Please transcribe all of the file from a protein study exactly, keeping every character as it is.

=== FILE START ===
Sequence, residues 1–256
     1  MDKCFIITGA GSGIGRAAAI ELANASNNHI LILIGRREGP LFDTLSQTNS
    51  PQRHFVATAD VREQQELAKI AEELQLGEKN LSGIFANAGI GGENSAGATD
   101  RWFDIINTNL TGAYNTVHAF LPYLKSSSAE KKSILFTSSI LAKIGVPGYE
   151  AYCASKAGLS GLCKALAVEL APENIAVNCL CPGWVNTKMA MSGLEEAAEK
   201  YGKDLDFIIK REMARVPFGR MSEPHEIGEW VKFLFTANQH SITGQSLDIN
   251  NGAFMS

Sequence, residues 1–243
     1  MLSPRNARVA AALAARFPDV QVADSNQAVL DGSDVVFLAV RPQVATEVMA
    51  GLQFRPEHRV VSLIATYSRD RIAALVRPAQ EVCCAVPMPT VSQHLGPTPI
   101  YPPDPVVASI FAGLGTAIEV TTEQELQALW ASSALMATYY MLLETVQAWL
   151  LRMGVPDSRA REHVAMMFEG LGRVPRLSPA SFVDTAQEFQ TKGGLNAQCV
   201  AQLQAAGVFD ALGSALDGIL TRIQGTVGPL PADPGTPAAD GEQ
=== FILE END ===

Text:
Sequence, residues 1–256
     1  MDKCFIITGA GSGIGRAAAI ELANASNNHI LILIGRREGP LFDTLSQTNS
    51  PQRHFVATAD VREQQELAKI AEELQLGEKN LSGIFANAGI GGENSAGATD
   101  RWFDIINTNL TGAYNTVHAF LPYLKSSSAE KKSILFTSSI LAKIGVPGYE
   151  AYCASKAGLS GLCKALAVEL APENIAVNCL CPGWVNTKMA MSGLEEAAEK
   201  YGKDLDFIIK REMARVPFGR MSEPHEIGEW VKFLFTANQH SITGQSLDIN
   251  NGAFMS

Sequence, residues 1–243
     1  MLSPRNARVA AALAARFPDV QVADSNQAVL DGSDVVFLAV RPQVATEVMA
    51  GLQFRPEHRV VSLIATYSRD RIAALVRPAQ EVCCAVPMPT VSQHLGPTPI
   101  YPPDPVVASI FAGLGTAIEV TTEQELQALW ASSALMATYY MLLETVQAWL
   151  LRMGVPDSRA REHVAMMFEG LGRVPRLSPA SFVDTAQEFQ TKGGLNAQCV
   201  AQLQAAGVFD ALGSALDGIL TRIQGTVGPL PADPGTPAAD GEQ